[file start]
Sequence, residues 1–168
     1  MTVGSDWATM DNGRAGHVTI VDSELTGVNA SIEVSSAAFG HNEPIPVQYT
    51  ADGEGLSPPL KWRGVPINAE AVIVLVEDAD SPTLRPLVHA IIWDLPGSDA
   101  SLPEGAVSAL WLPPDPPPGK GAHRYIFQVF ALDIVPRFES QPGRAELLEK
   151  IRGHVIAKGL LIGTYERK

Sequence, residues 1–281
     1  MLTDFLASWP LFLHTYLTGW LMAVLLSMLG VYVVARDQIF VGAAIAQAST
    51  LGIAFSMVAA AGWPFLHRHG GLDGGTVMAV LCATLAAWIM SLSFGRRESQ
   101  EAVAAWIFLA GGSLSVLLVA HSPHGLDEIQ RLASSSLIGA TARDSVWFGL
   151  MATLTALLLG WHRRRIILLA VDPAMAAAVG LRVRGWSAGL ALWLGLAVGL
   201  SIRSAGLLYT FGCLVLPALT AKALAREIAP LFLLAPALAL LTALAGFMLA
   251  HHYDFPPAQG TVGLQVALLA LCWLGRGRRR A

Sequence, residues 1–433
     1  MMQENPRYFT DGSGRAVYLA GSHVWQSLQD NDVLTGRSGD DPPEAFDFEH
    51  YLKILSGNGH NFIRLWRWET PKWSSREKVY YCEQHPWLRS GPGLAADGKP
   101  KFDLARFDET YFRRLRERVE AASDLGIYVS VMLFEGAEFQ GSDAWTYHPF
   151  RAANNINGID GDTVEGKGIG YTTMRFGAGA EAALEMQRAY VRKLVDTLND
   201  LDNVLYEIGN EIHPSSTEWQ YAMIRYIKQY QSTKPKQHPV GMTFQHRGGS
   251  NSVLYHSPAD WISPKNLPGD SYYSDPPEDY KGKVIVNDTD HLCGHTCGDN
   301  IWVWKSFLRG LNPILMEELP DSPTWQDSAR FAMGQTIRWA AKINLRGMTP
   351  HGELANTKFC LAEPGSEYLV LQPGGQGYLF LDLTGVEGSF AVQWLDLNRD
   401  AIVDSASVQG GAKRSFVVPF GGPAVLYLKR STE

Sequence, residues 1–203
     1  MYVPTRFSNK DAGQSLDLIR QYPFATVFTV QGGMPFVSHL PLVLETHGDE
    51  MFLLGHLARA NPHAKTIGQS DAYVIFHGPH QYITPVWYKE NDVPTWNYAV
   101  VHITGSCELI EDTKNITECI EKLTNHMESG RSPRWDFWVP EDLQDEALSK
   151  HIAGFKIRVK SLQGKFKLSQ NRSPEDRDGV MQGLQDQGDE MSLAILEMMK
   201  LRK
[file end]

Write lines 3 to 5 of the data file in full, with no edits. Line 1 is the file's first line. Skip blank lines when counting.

    51  ADGEGLSPPL KWRGVPINAE AVIVLVEDAD SPTLRPLVHA IIWDLPGSDA
   101  SLPEGAVSAL WLPPDPPPGK GAHRYIFQVF ALDIVPRFES QPGRAELLEK
   151  IRGHVIAKGL LIGTYERK